Controversy behind me, says Semenya

Controversy behind me, says Semenya

LONDON - Agence France-Presse
Controversy behind me, says Semenya

Caster Semenya takes part in the 800m competition at an athletics meeting. REUTERS photo

South African 800m runner Caster Semenya said yesterday her controversial victory in the 2009 outdoor world championships was behind her and she was solely focused on adding Olympic gold.

The 21-year-old - who is coached by 2000 Sydney Olympics 800m champion Mutola from Mozambique - had to undergo drug tests followed by gender tests following that magnificent victory in Berlin. The situation spiralled out of control with Caster complaining of “unwarranted and invasive scrutiny of the most intimate and private details of my being”.

She was barred from the track for almost a year before being cleared to run again and her comeback was hampered by a lower back injury and a growing belief that coach Michael Seme had taken her as far as he could.

Eyes on gold
However, she told several British national newspapers yesterday that nightmare was all in the past and she wanted to go on and win the gold - something if she does achieve she will dedicate to the increasingly frail South African political icon Nelson Mandela, who celebrates his 94th birthday on Wednesday.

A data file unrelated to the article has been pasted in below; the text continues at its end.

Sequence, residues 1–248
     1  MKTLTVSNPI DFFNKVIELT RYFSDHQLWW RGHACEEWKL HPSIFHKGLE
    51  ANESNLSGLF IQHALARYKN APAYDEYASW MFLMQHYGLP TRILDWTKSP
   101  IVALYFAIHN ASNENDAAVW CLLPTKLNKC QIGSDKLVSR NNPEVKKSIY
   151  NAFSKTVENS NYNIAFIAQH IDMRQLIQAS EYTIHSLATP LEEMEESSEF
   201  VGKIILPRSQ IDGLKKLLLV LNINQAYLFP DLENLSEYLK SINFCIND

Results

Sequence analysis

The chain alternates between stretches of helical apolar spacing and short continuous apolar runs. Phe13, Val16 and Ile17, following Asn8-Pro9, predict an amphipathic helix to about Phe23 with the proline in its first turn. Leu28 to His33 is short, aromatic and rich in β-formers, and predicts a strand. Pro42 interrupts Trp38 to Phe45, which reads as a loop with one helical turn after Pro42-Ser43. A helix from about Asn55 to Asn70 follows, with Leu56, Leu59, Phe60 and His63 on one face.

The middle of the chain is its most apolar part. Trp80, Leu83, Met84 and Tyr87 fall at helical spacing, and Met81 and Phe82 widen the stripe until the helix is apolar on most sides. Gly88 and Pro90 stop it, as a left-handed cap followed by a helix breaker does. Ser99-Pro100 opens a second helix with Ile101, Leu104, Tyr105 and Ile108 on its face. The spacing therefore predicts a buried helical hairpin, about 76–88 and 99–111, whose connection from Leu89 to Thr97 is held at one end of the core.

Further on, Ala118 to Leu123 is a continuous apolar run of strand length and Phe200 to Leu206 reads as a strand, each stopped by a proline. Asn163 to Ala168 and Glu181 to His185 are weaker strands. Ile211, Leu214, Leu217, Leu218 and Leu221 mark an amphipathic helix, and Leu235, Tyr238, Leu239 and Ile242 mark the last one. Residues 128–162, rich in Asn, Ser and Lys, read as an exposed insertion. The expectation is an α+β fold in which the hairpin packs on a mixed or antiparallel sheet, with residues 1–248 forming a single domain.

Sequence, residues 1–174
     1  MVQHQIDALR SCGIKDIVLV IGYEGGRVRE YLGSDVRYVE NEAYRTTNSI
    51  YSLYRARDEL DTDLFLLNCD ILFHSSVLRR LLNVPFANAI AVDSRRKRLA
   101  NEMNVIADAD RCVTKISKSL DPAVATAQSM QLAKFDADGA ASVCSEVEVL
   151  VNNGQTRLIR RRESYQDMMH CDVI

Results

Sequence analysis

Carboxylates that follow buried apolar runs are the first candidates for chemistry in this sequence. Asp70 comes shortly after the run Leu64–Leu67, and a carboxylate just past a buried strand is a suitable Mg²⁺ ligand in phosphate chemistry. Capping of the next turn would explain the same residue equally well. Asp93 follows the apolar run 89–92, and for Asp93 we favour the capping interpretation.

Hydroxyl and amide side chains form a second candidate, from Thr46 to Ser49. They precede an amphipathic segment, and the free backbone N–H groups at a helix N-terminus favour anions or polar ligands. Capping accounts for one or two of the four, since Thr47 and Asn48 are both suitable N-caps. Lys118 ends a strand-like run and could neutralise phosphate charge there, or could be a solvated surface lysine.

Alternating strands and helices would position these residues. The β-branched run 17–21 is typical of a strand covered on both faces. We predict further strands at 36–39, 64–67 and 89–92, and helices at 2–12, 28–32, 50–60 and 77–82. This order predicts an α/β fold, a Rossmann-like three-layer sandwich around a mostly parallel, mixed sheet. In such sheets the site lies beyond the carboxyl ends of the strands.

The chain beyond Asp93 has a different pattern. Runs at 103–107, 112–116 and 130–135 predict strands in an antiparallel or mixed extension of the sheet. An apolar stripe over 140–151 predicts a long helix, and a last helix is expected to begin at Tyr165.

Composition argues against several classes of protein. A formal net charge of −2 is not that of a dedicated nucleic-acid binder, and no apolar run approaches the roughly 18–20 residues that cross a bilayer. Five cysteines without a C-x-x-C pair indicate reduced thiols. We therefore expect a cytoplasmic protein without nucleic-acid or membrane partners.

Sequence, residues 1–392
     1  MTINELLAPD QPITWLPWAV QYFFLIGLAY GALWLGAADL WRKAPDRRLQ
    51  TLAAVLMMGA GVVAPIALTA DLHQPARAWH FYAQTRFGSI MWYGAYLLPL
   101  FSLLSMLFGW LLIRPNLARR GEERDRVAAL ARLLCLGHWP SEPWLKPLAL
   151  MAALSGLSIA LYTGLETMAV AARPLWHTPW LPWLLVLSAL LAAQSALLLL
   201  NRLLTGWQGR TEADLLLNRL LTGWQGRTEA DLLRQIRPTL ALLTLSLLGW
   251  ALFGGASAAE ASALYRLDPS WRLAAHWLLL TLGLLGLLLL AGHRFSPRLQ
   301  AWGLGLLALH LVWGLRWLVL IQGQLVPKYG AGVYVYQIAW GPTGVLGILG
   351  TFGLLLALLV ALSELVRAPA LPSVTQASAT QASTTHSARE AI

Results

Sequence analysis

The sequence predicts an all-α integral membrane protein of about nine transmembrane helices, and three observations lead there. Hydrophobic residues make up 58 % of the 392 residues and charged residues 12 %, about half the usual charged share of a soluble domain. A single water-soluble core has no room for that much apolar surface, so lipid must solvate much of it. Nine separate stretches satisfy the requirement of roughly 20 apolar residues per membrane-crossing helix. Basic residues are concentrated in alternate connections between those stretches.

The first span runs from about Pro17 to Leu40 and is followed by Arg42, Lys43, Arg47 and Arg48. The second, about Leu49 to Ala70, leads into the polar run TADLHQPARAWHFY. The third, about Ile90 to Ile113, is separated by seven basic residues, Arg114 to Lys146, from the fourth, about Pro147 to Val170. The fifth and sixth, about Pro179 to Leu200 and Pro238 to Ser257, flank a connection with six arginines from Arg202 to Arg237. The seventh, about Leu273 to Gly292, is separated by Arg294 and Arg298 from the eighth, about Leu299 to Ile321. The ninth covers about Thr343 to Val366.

“That is in the past,” she said. “You need to concentrate on the future. I don’t have to entertain those things now. I can concentrate on my running, that’s all.

“With each year I experience I become a more relaxed athlete. I also know what is important to listen to and what to ignore.

“I try to run my best always but sometimes I do not and I have to deal with negatives. People ask questions that can make you sad, but I must always stay positive.

Acting professional
“That’s what I have to learn. I have to act professionally. But this is my first Olympics so London will be special for me.”

Semenya, whose fastest time this year 1min 59.18sec has been bettered five times by 2008 Olympic gold medalist Pamela Jelimo of Kenya, recalled the first time she met Mandela, the dashing lawyer who spent 27 years in jail for opposing apartheid before becoming the first leader of a non-racial South Africa.

“The first time I met Mandela he was just looking at me as a little tiny girl,” she said.

“I was a little bit small but he said: ‘I believe in you, so you go out there and make me proud’. So I kept the spirit and the legacy.

 “Everything I do, I do it for him. He made me believe in the dark days after my victory. He inspired me a lot and he continues to do so.”